Nor had it been shown that the parties had legal control of the requested documents (because permission from the English court was required) and so the judge was not persuaded that they were “truly under compulsion” (even accepting that the subpoena was entirely regular).
Permission to use the documents was therefore refused: placing the parent company of the claimants potentially in the position of breaching its duties to the US courts. However, this judgment makes it clear that the English court will not allow such considerations (in themselves) to override the underlying public policy that a litigant’s right to privacy and confidentiality should be preserved.
Risk of criminal prosecution
In the second case, Bank Mellat v HM Treasury  EWCA Civ 449, the issue was different. The appellant Iranian bank contended that it had a right to withhold inspection of documents which it had disclosed in redacted form, because production of the documents in unredacted form would expose it to the risk of criminal prosecution in Turkey, Iran and South Korea (because they contained confidential information). The respondent instead sought unredacted disclosure to members of a confidentiality ring.
The Court of Appeal reviewed prior caselaw and restated the principles governing such an application:
- The English court has jurisdiction to order production and inspection of documents even if compliance with that order would entail a breach of foreign criminal law. Foreign law does not override the English court’s ability to conduct proceedings in accordance with English procedures and law.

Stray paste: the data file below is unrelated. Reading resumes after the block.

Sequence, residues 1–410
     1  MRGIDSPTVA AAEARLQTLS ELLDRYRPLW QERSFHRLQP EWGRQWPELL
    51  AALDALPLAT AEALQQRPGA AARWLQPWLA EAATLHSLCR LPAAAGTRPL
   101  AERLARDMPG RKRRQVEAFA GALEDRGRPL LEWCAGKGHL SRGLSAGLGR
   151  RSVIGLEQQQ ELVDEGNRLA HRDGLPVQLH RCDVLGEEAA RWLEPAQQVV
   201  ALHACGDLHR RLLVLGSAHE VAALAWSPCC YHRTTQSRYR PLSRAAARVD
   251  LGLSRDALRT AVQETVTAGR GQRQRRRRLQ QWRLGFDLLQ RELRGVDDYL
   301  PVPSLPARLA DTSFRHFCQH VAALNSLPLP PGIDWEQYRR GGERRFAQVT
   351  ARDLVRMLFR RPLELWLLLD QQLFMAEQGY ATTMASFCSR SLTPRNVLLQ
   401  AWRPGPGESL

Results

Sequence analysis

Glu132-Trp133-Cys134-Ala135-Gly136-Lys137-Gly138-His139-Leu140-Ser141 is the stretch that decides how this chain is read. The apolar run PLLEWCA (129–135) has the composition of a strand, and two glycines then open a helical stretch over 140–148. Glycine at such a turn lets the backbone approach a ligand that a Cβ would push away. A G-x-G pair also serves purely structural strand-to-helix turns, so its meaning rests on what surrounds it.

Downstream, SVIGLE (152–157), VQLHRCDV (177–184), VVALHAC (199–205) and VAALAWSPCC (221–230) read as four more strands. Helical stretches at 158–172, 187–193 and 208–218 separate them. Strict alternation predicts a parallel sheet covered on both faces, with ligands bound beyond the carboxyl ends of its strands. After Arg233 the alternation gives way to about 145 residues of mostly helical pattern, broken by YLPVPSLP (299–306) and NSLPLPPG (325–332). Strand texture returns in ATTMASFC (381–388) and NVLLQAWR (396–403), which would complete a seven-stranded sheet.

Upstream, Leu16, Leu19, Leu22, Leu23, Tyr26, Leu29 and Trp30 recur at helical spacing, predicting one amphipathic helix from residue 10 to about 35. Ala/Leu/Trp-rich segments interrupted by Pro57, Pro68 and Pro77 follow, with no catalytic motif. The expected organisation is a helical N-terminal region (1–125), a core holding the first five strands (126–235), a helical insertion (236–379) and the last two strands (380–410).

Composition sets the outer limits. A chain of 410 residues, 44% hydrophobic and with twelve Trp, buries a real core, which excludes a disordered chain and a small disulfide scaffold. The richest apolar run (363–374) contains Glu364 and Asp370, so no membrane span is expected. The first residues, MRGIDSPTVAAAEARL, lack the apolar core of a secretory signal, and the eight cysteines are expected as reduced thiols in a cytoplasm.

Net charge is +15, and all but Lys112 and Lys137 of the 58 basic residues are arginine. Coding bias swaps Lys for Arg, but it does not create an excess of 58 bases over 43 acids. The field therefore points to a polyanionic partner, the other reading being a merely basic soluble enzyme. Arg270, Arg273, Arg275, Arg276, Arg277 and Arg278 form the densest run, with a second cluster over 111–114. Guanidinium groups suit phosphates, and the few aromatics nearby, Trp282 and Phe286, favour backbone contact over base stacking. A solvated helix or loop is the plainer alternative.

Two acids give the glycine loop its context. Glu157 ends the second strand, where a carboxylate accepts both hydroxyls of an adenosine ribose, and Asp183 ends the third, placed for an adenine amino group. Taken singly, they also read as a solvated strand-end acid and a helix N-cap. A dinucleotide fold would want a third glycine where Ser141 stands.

- However, the English court will not lightly make an order where compliance would entail a party to English litigation breaching its “home” criminal law.
- When exercising its discretion, the English court will take account of the real (ie actual) risk of prosecution in the foreign country, but this risk is just one factor in the court’s balancing exercise.
- The English court can minimise concerns by, for example, imposing confidentiality restrictions.
- Where an order for inspection is made: “considerations of comity may not unreasonably be expected to influence the foreign state in deciding whether or not to prosecute the foreign national for compliance with the order of this Court. Comity cuts both ways“.
On the facts of the case, the Court of Appeal found that the judge at first instance had applied these principles and her order, requiring inspection and imposing a confidentiality club (even though the appellant had not wanted a confidentiality club), was upheld. The Court of Appeal upheld the judge’s decision that the risk of prosecution was not as great as the appellant’s expert had presented it.
Accordingly, in this case too, the English courts adopted the position that although there can be a tension between the English law requirement for inspection of documents and the provisions of foreign law, that is not a reason, in itself, to override the English court’s policy and procedure.
In short, if the parties choose to litigate in England, the starting position is that they will be bound by English procedural rules and it is only in rare cases that issues of foreign law will provide a basis for departing from those rules.
This article was first published in the IBA Litigation Committee newsletter in September 2019, and is reproduced by kind permission of the International Bar Association, London, UK. © International Bar Association